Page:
Measurement can help us improve and discover
“There are two possible outcomes: if the result confirms the hypothesis, then you've evidenced. If the result is contrary to the hypothesis, then you've made a discovery.” - Enrico Fermi
When I started my first digital communications role I was fascinated with data and measurement, principally as a way to chart the growth of social media channels, and prove the value I was bringing to the organisation. The surges of joy and confidence I felt seeing a continued uptick on various charts and graphs became, in many ways, addictive. As with all highs, then came the plateau, and with it the challenge for me to understand what these measurements actually meant, and how I could learn from what they were telling me.
In order to improve, I created tiny tests to see what brought more engagement and positive feedback from our audience. I still work in much the same way today when developing a new digital product or reviewing a service. Much like a scientist, I draft a hypothesis - or problem statement - for each test I create, noting what question I am looking to find an answer to, and in what way this will be proved or disproved.
Do it for you, as well as your stakeholders
You may be reading this - as many will - as the solo digital person in your organisation. I’ve been there and I know how tough it can be. It is in some ways more important to measure and evidence the work that’s been done when working as a solo digital person. By tracking progress and evidencing the impact that you are making, you will be creating a bank of (mostly) positive information and proof of progress. Here are a few ways that others record, evidence, and measure the work they’re doing:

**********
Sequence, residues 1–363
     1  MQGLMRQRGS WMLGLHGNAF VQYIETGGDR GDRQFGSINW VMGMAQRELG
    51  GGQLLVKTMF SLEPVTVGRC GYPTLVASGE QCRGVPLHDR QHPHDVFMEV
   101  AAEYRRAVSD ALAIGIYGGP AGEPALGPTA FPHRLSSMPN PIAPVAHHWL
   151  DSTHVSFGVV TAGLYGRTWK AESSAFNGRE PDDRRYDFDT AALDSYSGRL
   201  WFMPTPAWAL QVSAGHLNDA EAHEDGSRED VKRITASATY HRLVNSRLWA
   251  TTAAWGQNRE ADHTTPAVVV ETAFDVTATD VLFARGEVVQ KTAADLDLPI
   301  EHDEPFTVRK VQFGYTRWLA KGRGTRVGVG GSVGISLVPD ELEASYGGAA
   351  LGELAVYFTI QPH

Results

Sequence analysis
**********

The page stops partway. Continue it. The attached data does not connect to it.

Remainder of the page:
- Keep a daily log of the little wins (for your positivity and peace of mind); this could simply be a folder in your email where you keep congratulations, thank yous, and project successes. It may also be in the form of weeknotes, or a bullet journal.
- Set your own monthly and weekly meaningful targets and check in on them
- Connect your work with the bigger picture for the organisation: where does it fit in these goals; how can you track the impact your work makes to them?
- Connect with a peer and hold each other to account - perhaps you might use the Coffee Connections initiative from CAST?
Measuring, tracking, and evidencing is not just for Christmas (or annual reports)
Good evidence and measurement strategies first start with answering:
- Why you are collecting the evidence / measuring impact
- How you’ll collect the data you need to measure and evidence your impact
- What will you do with the results